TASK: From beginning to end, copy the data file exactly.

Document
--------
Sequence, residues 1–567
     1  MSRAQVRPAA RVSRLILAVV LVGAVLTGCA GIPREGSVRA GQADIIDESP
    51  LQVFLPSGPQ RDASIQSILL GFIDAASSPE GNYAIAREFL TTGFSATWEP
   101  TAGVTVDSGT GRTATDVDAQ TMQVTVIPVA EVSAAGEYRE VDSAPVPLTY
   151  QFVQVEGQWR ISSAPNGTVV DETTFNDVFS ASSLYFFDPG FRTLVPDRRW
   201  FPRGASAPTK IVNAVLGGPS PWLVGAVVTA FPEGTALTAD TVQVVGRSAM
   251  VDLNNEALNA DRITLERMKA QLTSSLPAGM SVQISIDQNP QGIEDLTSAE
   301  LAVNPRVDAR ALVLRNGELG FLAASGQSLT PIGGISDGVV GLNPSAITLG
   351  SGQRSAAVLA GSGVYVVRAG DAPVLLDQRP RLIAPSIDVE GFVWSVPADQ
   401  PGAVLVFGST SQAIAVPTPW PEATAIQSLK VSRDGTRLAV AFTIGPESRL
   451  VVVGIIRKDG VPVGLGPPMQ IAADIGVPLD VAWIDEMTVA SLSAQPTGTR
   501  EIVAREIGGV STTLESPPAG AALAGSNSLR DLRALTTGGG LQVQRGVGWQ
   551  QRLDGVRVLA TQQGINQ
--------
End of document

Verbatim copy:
Sequence, residues 1–567
     1  MSRAQVRPAA RVSRLILAVV LVGAVLTGCA GIPREGSVRA GQADIIDESP
    51  LQVFLPSGPQ RDASIQSILL GFIDAASSPE GNYAIAREFL TTGFSATWEP
   101  TAGVTVDSGT GRTATDVDAQ TMQVTVIPVA EVSAAGEYRE VDSAPVPLTY
   151  QFVQVEGQWR ISSAPNGTVV DETTFNDVFS ASSLYFFDPG FRTLVPDRRW
   201  FPRGASAPTK IVNAVLGGPS PWLVGAVVTA FPEGTALTAD TVQVVGRSAM
   251  VDLNNEALNA DRITLERMKA QLTSSLPAGM SVQISIDQNP QGIEDLTSAE
   301  LAVNPRVDAR ALVLRNGELG FLAASGQSLT PIGGISDGVV GLNPSAITLG
   351  SGQRSAAVLA GSGVYVVRAG DAPVLLDQRP RLIAPSIDVE GFVWSVPADQ
   401  PGAVLVFGST SQAIAVPTPW PEATAIQSLK VSRDGTRLAV AFTIGPESRL
   451  VVVGIIRKDG VPVGLGPPMQ IAADIGVPLD VAWIDEMTVA SLSAQPTGTR
   501  EIVAREIGGV STTLESPPAG AALAGSNSLR DLRALTTGGG LQVQRGVGWQ
   551  QRLDGVRVLA TQQGINQ